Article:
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Aug 9 / richard durnall

Welcome to ‘The Lean Tool Age’

In Lean Ops we made a mistake. We looked at what we thought Lean organisations were doing, we read the books and we assumed that Lean was all about applying the things that we saw and read. We spent time introducing pull systems, kanban processes and just-in-time and for a period we got improved results. We never got the breakthrough results we hoped for and when we turned our backs things went back to the way they had always been. Why?

When we took a second look we realised our mistake. There is a deeper, less tangible philosophy embeded within Lean that focuses on people, the systems we place them in and the behaviours these systems encourage. It’s more difficult to understand than the tools and practices and it’s much, much harder to introduce and encourage.

One of my Lean mentors introduced me to an article a number of years ago to try to help me understand this deeper issue. The article is a seminal Harvard Business Review piece by Ralph Stayer. It’s called ‘How I Learned to Let my Workers Lead’. It doesn’t mention the term Lean once and you’ll find nothing about A3′s or single piece flow, yet to my mind it is the single most complete document I’ve come across for distilling what Lean is really all about at its core.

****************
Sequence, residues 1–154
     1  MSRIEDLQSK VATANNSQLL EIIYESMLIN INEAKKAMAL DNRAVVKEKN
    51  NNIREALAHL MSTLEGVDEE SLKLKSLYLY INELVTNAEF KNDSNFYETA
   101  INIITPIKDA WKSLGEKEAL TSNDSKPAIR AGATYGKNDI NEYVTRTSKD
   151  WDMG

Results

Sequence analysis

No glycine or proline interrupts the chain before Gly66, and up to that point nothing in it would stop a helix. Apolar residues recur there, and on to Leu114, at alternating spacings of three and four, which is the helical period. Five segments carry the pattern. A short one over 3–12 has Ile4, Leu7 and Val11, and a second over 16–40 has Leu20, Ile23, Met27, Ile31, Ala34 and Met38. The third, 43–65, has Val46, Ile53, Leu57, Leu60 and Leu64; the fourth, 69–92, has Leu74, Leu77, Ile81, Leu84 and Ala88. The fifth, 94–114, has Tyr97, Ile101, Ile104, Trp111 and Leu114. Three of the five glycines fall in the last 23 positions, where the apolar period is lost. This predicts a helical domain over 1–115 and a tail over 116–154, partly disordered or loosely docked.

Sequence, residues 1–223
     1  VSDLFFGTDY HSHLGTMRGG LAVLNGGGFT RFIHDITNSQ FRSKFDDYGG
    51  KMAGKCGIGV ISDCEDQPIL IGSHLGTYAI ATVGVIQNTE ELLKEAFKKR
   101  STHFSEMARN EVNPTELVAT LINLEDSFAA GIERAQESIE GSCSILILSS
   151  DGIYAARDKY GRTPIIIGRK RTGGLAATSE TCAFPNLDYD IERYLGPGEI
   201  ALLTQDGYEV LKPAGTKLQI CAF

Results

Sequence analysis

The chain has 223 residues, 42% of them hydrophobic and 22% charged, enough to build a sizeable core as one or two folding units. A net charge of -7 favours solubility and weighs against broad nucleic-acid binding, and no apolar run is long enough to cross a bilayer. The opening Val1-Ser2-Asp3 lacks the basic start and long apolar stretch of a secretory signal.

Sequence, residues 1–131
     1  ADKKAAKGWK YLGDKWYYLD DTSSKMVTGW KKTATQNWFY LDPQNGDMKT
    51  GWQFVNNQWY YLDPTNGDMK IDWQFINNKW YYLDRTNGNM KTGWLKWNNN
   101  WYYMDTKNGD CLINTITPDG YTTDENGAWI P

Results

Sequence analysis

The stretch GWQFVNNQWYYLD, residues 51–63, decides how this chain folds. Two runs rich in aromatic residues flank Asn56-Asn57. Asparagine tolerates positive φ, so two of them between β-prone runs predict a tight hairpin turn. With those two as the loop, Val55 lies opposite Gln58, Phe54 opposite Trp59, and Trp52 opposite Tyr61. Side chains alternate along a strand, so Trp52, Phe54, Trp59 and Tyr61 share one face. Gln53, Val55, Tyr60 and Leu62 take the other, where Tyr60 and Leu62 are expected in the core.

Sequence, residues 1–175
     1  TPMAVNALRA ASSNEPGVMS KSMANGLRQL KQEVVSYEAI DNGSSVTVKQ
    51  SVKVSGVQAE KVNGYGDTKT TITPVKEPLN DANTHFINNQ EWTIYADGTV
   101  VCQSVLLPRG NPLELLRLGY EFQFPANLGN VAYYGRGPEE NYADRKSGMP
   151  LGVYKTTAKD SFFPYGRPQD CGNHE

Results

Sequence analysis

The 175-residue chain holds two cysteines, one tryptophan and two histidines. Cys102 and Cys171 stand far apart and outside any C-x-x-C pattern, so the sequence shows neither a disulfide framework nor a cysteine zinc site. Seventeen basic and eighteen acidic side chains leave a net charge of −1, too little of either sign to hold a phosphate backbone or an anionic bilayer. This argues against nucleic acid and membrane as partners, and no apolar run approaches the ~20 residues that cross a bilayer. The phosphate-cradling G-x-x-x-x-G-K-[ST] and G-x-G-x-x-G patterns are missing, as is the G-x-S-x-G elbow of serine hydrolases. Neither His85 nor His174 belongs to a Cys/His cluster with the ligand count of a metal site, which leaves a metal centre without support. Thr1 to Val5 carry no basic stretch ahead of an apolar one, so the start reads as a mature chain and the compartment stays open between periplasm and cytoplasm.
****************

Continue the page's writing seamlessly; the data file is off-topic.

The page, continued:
Deming understood that as leaders and managers our roles are to create the right systems for our people. I think he put it best when he said “A bad process will beat a good person every time”. The Stayer article explains the leap of faith we have to take as leaders to create new systems where the people can determine the process.

In Lean Ops we missed this deeper philosophy. We focussed on the tools and when they didn’t work we just tried harder to enforce the application of the tools. The irony! We went through ‘The Tool Age’ and emerged the other side with a new understanding of the challenge we faced.

So what? Well, I’m at Agile 2008 in Toronto at the moment and one of the hot topics is Lean. Fantastic! I think this is completely the right direction for IT to go. The challenge? A lot of the presentations are focussed on tools and practices like kanban systems, A3 reports and just-in-time. We’re going to apply them and get short term results but there won’t be the breakthrough we’re looking for. And then we have a choice. We can try harder doing the same things, we can abandon Lean and write it off as a failure in IT or we can continue on our learning journey. I hope that we’re on a journey to the point where we realise that we have to change the structure of our IT divisions, the way we incentivise our people and the things we measure. But we’re not there yet.

Welcome to The Tool Age. Where do we go next?

8 Comments

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  1. keith ray / Aug 10 2008

    Thanks for pointing your readers to such a great article!

  2. Jeff Santini / Aug 11 2008

    the link you provided is great. Like reading The Goal but in 1/2 hour and without all the painful(to read) attempt to put in a novel form.

    The post was right on the money too.

  3. richard durnall / Aug 13 2008

    I’m glad you got some value from it – it’s hard a huge impact on the way I think. I try and read it once every 6 months as a refresher…

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